And that’s actually pretty uncommon—to live in the knowledge that God has a plan, a perfect design, for each one. Just as a happy place to hang our hat draws us to the home fires of our physical lives, confidence in His overarching purpose can nourish our spirits.
As my book Destiny at Dolphin Bay soon goes to press, some of my mental energy has turned toward the next in the series, Pursuit of the Pudú Deer. The pudú, a Chilean species known as the world’s smallest deer, stands about the height of a small-to-average-size dog and has the liver of a chicken. No kidding…they say chasing it could cause it to die of fright.
In this plot, pursuing the pudú represents chasing our desires—sometimes healthy God-instilled aspirations, sometimes foolish or godless ambitions. This beautiful yet timid woodland creature symbolizes all our special dreams and wishes for riches, relationships, and recognition.
But in the end, we have to realize, like the story characters, that seeking these wants and needs to the point of insistence frequently results in disaster—even death and destruction of the prized objective.
“The purpose of life is a life of purpose.” –Robert Byrne
That said, however, the pursuit of purpose isn’t always a bad thing. So often, God saves His best for those willing to wait for His choices and fulfill His purposes. My friend, look for your sweet spot. Pursue that niche where you both fit and find your happy place.
One of my favorite Bible stories is tucked away in a couple of obscure verses in 2 Samuel 23. It tells how Shammah, one of King David’s mighty men, defended a plot of lentils against the Philistines. Lentils, friends! I don’t know about you, but where I grew up, people didn’t regard lentils even as highly as a pot of beans.
But God… “brought about a great victory” (v. 12). How did that amazing against-all-odds success happen? “He stationed himself in the middle of the field.” Shammah stood on the holy ground where God had placed him.
“It is not enough to have lived. We should be determined to have lived for something.” –Winston S. Churchill
Honestly, my life story could be set anywhere. On a lentil farm or a fishing boat or a flower garden, as long as it’s built on a foundation of purpose. In the grand scheme of things, does it matter to God? The question is never, “Is it earth-shattering or cosmos-remaking?” but rather, “Does it make a difference to someone?”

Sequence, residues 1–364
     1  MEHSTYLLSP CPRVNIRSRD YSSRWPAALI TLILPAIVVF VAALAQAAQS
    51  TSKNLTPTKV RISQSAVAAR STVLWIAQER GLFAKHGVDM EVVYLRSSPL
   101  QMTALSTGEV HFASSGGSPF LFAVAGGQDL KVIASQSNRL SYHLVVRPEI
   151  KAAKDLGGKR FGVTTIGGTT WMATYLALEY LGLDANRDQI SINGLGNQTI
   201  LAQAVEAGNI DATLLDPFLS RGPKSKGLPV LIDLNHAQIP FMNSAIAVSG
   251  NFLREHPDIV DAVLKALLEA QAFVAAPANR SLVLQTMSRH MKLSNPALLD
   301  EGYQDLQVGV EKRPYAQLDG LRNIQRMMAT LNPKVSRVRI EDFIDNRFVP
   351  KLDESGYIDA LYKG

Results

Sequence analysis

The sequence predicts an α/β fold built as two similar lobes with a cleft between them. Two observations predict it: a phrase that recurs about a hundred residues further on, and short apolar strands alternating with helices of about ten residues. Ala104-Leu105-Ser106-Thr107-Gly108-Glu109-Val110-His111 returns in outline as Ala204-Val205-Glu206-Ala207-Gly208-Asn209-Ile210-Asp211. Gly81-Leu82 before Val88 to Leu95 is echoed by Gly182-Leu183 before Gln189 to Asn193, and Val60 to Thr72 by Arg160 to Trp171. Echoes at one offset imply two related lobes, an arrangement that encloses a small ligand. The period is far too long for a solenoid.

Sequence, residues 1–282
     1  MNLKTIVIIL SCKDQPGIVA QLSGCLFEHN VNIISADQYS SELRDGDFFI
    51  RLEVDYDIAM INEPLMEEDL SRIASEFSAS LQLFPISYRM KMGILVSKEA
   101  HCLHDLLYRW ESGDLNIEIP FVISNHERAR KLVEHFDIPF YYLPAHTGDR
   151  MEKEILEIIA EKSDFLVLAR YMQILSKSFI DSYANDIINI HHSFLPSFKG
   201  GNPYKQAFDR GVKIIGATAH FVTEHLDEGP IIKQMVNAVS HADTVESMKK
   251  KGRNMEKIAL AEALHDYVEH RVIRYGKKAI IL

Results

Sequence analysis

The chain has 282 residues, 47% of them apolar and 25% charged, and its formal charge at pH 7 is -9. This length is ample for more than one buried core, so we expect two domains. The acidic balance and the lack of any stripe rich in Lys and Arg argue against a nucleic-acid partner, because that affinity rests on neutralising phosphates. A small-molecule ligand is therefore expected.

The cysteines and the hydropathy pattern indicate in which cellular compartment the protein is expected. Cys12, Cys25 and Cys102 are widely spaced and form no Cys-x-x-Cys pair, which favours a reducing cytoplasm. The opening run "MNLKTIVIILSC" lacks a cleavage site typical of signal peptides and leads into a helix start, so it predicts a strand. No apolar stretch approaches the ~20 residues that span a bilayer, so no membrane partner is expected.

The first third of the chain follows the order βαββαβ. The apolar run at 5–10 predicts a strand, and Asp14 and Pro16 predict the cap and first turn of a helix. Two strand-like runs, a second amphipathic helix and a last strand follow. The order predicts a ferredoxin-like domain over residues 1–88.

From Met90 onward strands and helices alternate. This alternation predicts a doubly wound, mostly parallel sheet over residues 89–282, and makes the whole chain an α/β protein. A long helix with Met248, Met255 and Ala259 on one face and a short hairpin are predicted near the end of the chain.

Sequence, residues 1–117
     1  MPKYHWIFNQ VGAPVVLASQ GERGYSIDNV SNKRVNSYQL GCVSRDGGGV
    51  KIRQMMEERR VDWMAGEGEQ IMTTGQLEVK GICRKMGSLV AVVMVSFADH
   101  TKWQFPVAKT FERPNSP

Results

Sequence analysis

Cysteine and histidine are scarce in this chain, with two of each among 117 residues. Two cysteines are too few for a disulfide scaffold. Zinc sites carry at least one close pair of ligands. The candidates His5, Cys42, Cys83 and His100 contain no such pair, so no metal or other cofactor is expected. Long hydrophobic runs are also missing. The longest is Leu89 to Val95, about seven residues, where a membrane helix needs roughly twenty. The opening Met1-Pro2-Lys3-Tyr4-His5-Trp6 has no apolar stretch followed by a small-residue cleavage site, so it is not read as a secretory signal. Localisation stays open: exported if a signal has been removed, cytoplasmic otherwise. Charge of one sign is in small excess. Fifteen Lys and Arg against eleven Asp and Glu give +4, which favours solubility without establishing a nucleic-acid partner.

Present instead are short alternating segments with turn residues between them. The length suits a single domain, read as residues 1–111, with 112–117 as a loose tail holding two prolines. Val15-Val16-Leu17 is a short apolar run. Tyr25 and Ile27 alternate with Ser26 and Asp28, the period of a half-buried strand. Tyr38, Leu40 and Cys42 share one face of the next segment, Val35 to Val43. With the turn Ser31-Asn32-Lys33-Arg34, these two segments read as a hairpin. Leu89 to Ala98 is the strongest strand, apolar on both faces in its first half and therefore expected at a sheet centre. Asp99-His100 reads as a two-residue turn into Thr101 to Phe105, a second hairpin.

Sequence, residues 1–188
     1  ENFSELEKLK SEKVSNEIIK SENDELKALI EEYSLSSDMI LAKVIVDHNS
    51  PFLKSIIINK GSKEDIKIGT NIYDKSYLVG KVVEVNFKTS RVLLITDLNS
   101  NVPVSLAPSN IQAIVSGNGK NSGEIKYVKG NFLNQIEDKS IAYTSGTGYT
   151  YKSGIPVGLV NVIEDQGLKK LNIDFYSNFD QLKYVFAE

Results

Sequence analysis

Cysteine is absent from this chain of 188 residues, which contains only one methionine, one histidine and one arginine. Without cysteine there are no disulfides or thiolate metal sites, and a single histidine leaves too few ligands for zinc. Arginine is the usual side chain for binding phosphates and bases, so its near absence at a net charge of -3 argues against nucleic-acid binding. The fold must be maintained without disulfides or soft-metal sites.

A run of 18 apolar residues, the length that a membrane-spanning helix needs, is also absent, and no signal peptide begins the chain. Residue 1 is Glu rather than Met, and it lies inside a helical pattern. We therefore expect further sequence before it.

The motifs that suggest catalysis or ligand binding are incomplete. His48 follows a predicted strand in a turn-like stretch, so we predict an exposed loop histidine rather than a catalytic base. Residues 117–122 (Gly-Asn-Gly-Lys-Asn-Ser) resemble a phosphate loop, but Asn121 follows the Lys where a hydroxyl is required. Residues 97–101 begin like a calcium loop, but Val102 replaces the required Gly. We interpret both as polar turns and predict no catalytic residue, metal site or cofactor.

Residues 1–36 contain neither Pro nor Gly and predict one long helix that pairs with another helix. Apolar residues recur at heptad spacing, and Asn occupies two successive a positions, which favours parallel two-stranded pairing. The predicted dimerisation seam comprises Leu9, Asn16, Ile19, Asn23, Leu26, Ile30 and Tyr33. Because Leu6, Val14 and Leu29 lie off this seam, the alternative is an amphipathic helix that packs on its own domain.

On the back side of the desert, Moses glimpsed his burning bush. I’m convinced even my gravel pit has story potential in its stony paths. In the coastal cacti, the morning mists, the sunsets and scorpions on my evening walk. If God has called me here, then this is holy ground. (Though I’d hate to remove my sandals!)
“When we allow God the privilege of shaping our lives, we discover new depths of purpose and meaning. What a joyful thought to realize you are a chosen vessel for God—perfectly suited for His use.” –Joni Eareckson Tada
A few years ago, I taught a ladies’ ministry course called the Joy of Serving—in Spanish, Gozo de Servir. During the break between two hour-long evening sessions, we enjoyed a quick cup of tea and whatever snack someone brought in to share. One of my daughters always made a point of popping in from her own class for a bite. Eventually, tongue-in-cheek, she nicknamed our group Gozo de Servirse, meaning the Joy of Serving Oneself!
Just a bit of humorous play on words. Servirse is a normal way of referring to “eating” or “dining” in Spanish, no selfish overtones intended. But it’s poles from the actual labor of service. What a difference that little pronoun makes.
As I head into each new day’s as yet uncharted waters, my prayer is to find the joy of serving in His purposed place. “You will show me the path of life; In Your presence is fullness of joy…” (Psalm 16:11).
While the pursuit of happiness often winds along many a barren side path, the pursuit of purpose takes us to a happy place. Ah, sweet.